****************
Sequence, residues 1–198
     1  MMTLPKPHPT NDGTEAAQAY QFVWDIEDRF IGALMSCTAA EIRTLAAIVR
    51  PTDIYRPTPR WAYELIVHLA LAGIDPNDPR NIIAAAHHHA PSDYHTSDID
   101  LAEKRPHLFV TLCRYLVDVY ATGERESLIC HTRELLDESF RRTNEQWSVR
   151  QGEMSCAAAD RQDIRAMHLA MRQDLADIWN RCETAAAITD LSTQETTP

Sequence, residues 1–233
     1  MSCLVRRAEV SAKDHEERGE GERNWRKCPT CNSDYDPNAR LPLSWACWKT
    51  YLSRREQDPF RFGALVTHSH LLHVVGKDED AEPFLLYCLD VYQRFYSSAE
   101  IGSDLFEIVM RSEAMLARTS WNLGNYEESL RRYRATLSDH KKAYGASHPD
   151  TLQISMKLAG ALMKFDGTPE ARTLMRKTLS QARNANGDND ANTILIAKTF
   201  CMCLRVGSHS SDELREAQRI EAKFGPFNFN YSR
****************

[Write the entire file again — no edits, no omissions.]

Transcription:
Sequence, residues 1–198
     1  MMTLPKPHPT NDGTEAAQAY QFVWDIEDRF IGALMSCTAA EIRTLAAIVR
    51  PTDIYRPTPR WAYELIVHLA LAGIDPNDPR NIIAAAHHHA PSDYHTSDID
   101  LAEKRPHLFV TLCRYLVDVY ATGERESLIC HTRELLDESF RRTNEQWSVR
   151  QGEMSCAAAD RQDIRAMHLA MRQDLADIWN RCETAAAITD LSTQETTP

Sequence, residues 1–233
     1  MSCLVRRAEV SAKDHEERGE GERNWRKCPT CNSDYDPNAR LPLSWACWKT
    51  YLSRREQDPF RFGALVTHSH LLHVVGKDED AEPFLLYCLD VYQRFYSSAE
   101  IGSDLFEIVM RSEAMLARTS WNLGNYEESL RRYRATLSDH KKAYGASHPD
   151  TLQISMKLAG ALMKFDGTPE ARTLMRKTLS QARNANGDND ANTILIAKTF
   201  CMCLRVGSHS SDELREAQRI EAKFGPFNFN YSR